The New York Times best-selling author stands calmly near the edge of the over lit performance stage in Kemper Recital Hall, leaning against a podium with an expressionless face. Ellen Hopkins unapologetically reviews the 61 years of experiences that compressed into a 20-slide presentation and a collection of poorly composed family photos. One slide parades images of the two young children she now parents, their unconsciously broken smiles masking the travesty of youth that their birthmother’s meth addiction has engineered. Their mother— in nothing more a biological sense— is the multiple-times estranged daughter of Hopkins, whose life-long brawl with low-level meth pushed Hopkins to create her first and most famous novel “Crank.”
“The truth is, I started ‘Crank’ as a kind of personal journey, to try and understand what had just happened to six years of my life… and what had happened to my beautiful daughter, no longer so beautiful,” Hopkins explains. “Addiction, of one kind or another, touches almost everyone. As I wrote, I understood the importance of the story. When she’s clean, my daughter understands its importance, too.”
Hopkins intermixes her poetry and excerpts from her novels as she continues the presentation. Though she’s displaying this Microsoft PowerPoint for the near-hundredth time, her demeanor is no less authentic than if she was recalling her memories for the first time.
“I lived the story; that person was me; that person was my friend and I wanted to stop them, I wanted to turn them around and that’s the experience I want,” Hopkins details. “I want my characters to walk off the page and to be in the room with them and not just on the page.”
Readers often feel sorrow for their beloved author’s life, sympathizing with the devastation that they believe she must feel. But Hopkins doesn’t desire the sympathy, nor does she need it. She’s the type of motherly person that, once you meet her, you’d expect her to say, “It is what it is,” and pick up the shattered pieces.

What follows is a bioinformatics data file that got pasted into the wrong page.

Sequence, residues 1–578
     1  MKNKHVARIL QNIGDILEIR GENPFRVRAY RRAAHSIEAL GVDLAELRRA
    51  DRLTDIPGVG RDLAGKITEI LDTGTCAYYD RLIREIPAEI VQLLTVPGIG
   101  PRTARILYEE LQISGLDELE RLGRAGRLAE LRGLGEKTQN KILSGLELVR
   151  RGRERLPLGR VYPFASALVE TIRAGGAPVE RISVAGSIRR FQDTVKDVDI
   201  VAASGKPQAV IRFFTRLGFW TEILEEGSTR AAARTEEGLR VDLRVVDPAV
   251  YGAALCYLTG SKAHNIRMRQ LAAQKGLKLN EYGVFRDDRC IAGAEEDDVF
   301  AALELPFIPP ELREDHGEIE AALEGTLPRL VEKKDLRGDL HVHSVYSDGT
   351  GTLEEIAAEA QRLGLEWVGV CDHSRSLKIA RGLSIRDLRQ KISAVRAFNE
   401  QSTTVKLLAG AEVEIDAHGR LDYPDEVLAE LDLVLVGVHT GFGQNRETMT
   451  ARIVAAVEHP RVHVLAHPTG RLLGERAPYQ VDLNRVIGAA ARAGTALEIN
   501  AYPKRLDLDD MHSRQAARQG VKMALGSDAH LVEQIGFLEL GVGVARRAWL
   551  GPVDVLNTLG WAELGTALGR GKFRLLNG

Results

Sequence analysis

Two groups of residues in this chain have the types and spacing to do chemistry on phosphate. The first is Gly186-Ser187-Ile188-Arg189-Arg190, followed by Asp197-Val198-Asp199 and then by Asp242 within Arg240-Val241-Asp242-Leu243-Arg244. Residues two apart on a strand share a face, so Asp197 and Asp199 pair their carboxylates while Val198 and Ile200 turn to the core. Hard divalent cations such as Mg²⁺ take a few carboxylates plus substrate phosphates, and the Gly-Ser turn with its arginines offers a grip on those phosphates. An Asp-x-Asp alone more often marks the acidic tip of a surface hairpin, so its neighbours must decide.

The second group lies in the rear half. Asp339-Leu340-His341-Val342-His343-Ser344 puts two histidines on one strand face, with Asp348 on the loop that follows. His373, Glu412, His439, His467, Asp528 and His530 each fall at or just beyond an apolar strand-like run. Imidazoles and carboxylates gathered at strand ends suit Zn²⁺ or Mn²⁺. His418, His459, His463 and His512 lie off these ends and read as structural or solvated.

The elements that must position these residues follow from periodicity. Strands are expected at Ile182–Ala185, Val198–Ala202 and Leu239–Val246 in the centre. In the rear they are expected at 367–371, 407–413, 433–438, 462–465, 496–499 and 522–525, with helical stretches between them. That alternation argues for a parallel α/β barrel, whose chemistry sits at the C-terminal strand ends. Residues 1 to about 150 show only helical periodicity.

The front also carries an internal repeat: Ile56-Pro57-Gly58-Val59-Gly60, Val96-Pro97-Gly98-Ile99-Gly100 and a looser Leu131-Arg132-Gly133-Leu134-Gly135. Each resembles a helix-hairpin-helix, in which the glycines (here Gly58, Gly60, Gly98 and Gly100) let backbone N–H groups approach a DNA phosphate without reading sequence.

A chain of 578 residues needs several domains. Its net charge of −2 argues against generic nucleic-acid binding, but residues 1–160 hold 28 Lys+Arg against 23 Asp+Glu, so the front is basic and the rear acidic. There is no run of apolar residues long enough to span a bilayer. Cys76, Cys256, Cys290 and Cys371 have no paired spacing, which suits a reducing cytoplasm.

Each of the memories that Hopkins chronicles forces the audience to feel just a bit more than the previous one.
“I tracked down my birth mother and found out that she has always written poetry… so our first exchange as mother and daughter was she wrote a poem to me about what it was like to leave a baby behind and I wrote a poem back to her about what it was like to be that baby.”
With that line, the crowd drops from a chattering chorus of generally interested listeners to silence. And that silence remains. For a few intensely quiet moments, Hopkins forces her audience to suffer the authenticity of the moment, just as she compels readers to do in each of her stories.
Though, not all of the memories are of tragedy.
Part way through her presentation, Hopkins reads an earlier poem of hers. “Cowboy Charisma” details the single characteristic that she believes makes cowboys perfect: the way they look in blue jeans.
As images of cowboys wearing Wranglers flash onto the screen— specifically, the lower backside of the men— Hopkins reaches the climax of her poem:
“The key to a cowboy’s charisma is watching him walk away.”
And, after a moment of socially encoded awkwardness, the crowd erupts into hysterical laughter.
But, the event is not just an exposition for the audience; it’s also an opportunity for Hopkins to revisit her characters.
“There are things about all of my characters that I’ve either experienced or someone close to me has, so they feel like my kids,” Hopkins laughs, as she tries to describe the intense interplay between her characters on paper and the characters in her mind. “And when I read… it’s like reviving them; they come back to life.”
Though much of Hopkins’ audience is young adults, her final plea is one to the parents of her potential readers.
“There are so many experiences that we as adults don’t want our children to have that sometimes we try to hide the reality that those things exist for them. That’s not gonna help our kids deal,” Hopkins presents, both laughing at her 19-year-old son and cringing at the thought of children who don’t have understanding parents.
“Books are the key to greater understanding and knowledge, so don’t close covers of books, because they make you a little uncomfortable; read the